Counts were taken of pods or grain on the ground together with the number of grains/pod and grain weight. In 2018, sampling zones were assessed across the harvested width with no pods or grain apparent on the ground prior to harvest. Results in Table 1 are for the pod and grain losses away from the header trail. These are the harvest losses that occurred at the front of the header but exclude any pods that were unharvested but still attached to plants.

This is a photograph of brushes attached to the header reel Bellata 2019

Figure 4. Brushes attached to the header reel Bellata 2019

In 2019 three sites were evaluated with sampling away from the header trail to identify the pods or grain losses at the front of the header. Again there was no indication of pod or grain loss prior to harvest. Two of the sites had air assist fitted to the header that could be simply turned on or off. The third site evaluated lengths of brushes attached to the reel (Figure 1).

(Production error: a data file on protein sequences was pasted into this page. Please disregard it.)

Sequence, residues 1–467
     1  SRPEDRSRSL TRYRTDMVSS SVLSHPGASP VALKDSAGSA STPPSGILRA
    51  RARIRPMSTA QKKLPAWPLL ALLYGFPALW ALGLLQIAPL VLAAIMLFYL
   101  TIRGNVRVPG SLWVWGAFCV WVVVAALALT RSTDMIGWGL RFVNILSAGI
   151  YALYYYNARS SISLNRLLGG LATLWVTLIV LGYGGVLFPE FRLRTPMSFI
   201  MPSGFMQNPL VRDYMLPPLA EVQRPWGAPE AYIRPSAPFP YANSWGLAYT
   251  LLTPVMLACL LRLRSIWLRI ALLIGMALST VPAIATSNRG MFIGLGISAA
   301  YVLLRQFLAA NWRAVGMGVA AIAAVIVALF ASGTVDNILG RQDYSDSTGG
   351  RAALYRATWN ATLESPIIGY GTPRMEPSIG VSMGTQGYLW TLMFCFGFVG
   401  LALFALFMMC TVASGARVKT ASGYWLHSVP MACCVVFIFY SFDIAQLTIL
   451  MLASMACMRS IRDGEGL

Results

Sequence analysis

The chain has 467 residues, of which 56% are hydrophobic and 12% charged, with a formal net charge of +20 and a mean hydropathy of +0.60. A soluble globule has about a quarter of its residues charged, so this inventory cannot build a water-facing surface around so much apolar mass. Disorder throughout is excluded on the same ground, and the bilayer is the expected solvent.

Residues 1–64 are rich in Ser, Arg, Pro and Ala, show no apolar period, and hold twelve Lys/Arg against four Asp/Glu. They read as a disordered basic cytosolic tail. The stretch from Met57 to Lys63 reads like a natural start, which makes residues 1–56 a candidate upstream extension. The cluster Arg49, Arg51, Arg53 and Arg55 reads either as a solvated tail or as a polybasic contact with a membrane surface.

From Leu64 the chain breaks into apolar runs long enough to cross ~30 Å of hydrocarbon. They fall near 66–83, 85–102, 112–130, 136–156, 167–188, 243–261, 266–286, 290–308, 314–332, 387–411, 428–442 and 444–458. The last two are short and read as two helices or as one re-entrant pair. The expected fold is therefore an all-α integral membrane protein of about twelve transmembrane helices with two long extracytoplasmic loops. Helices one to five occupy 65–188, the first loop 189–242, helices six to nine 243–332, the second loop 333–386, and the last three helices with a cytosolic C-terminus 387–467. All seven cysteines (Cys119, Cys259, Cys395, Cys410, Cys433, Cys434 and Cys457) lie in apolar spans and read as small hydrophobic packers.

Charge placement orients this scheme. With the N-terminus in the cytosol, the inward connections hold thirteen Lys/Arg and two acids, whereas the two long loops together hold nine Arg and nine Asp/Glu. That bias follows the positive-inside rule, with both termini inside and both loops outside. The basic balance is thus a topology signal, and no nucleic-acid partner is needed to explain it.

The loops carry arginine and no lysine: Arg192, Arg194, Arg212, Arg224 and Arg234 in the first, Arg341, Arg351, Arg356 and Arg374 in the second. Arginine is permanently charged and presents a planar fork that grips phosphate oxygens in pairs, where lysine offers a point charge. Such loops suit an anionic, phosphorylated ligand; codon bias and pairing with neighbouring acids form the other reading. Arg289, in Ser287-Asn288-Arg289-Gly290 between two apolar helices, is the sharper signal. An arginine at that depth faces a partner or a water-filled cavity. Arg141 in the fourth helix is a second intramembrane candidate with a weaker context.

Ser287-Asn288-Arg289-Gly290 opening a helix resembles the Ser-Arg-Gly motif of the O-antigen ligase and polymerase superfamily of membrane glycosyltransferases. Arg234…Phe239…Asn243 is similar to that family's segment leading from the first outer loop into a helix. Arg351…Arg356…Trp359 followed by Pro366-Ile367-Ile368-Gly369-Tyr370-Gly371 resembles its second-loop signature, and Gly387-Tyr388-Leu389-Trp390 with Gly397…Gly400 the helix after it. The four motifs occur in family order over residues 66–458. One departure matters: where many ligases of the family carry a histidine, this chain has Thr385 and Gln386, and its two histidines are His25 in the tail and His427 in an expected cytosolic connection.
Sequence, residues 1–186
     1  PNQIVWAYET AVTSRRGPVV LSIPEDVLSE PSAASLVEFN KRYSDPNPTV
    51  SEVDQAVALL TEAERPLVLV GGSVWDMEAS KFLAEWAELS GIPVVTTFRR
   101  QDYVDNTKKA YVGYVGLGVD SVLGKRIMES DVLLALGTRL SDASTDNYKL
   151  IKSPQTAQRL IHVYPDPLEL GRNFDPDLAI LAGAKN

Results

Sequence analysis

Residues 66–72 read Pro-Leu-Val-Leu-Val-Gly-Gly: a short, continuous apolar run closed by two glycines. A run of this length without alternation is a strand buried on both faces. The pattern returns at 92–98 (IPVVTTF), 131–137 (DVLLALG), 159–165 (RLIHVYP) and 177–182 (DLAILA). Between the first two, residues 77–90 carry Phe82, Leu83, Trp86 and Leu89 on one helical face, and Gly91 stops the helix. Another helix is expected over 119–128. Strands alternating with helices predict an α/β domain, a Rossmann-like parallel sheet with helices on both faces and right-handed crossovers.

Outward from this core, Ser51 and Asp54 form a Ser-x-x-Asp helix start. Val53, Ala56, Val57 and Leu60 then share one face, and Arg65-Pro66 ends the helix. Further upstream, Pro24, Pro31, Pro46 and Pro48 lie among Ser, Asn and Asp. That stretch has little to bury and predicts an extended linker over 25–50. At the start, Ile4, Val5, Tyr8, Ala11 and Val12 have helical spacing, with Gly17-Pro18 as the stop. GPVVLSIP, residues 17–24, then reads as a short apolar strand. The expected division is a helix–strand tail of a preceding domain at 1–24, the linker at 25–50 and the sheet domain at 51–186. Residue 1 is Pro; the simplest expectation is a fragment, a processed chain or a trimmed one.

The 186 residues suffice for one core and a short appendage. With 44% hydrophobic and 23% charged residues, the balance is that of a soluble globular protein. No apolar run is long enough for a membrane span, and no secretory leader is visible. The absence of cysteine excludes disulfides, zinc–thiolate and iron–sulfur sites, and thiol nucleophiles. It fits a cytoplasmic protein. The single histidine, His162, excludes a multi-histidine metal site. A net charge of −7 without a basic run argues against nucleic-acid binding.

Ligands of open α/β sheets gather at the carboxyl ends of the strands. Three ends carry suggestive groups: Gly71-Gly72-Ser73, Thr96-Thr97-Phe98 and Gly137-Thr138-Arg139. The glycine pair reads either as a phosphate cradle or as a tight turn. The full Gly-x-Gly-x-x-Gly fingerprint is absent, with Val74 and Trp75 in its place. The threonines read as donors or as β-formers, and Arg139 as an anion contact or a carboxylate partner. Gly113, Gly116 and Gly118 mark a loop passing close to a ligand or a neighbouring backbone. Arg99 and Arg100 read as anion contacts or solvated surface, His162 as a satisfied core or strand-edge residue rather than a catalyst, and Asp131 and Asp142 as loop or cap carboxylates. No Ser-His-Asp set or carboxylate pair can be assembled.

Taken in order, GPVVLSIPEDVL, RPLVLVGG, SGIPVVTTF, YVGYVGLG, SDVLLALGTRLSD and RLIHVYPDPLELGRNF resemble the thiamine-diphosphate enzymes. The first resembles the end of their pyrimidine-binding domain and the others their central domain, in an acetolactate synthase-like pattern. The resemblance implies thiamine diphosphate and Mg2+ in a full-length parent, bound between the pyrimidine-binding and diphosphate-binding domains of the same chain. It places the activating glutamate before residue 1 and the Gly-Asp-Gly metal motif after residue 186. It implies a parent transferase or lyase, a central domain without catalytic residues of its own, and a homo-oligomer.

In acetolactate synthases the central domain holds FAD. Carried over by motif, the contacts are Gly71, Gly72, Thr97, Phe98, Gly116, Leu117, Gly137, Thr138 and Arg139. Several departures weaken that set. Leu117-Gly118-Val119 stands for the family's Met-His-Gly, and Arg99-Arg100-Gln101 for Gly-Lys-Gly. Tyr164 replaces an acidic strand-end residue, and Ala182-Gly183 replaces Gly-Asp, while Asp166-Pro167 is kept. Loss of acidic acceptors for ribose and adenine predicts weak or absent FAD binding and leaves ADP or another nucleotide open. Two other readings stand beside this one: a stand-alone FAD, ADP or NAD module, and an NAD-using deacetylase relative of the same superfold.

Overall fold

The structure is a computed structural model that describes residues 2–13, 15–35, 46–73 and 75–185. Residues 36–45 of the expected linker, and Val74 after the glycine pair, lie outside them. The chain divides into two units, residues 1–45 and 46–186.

Table 1. Impact on chickpea yield losses from air assist or reel brushes

Location and year

Variety and yield

Header set-up

Yield losses on ground

Reduced grain losses kg/ha and ($/ha)



Total kg/ha

Gurley 2018

PBA Seamer

~0.62 t/ha

Air assist OFF

55  a


164  a

89 kg/ha ($67/ha)

Air assist ON

22  b


76  b

Wee Waa 2019

PBA Monarch

~1.0 t/ha

Air assist OFF

33  a


115  a

45 kg/ha ($34/ha)

Air assist ON

21  b


70  b

Bongeen 2019

PBA HatTrick

~0.45 t/ha

Air assist OFF

38  a


123  a

80 kg/ha ($60/ha)

Air assist ON

14  b


43  b

Bellata 2019

PBA HatTrick

~0.40 t/ha

Reel brushes OFF

62  a


217  a

63 kg/ha ($47/ha)

Reel brushes ON

43  b


154  b

Letters of significance show significant differences within each site (2 sample T test, p=0.05)
Economic impact calculated on a $750/t grain price
All results in Table 1 are for sampling away from the header trail. This shows the yield losses occurring at the header front. Assessment of grains/pod and grain weight was conducted to calculate total grain loss.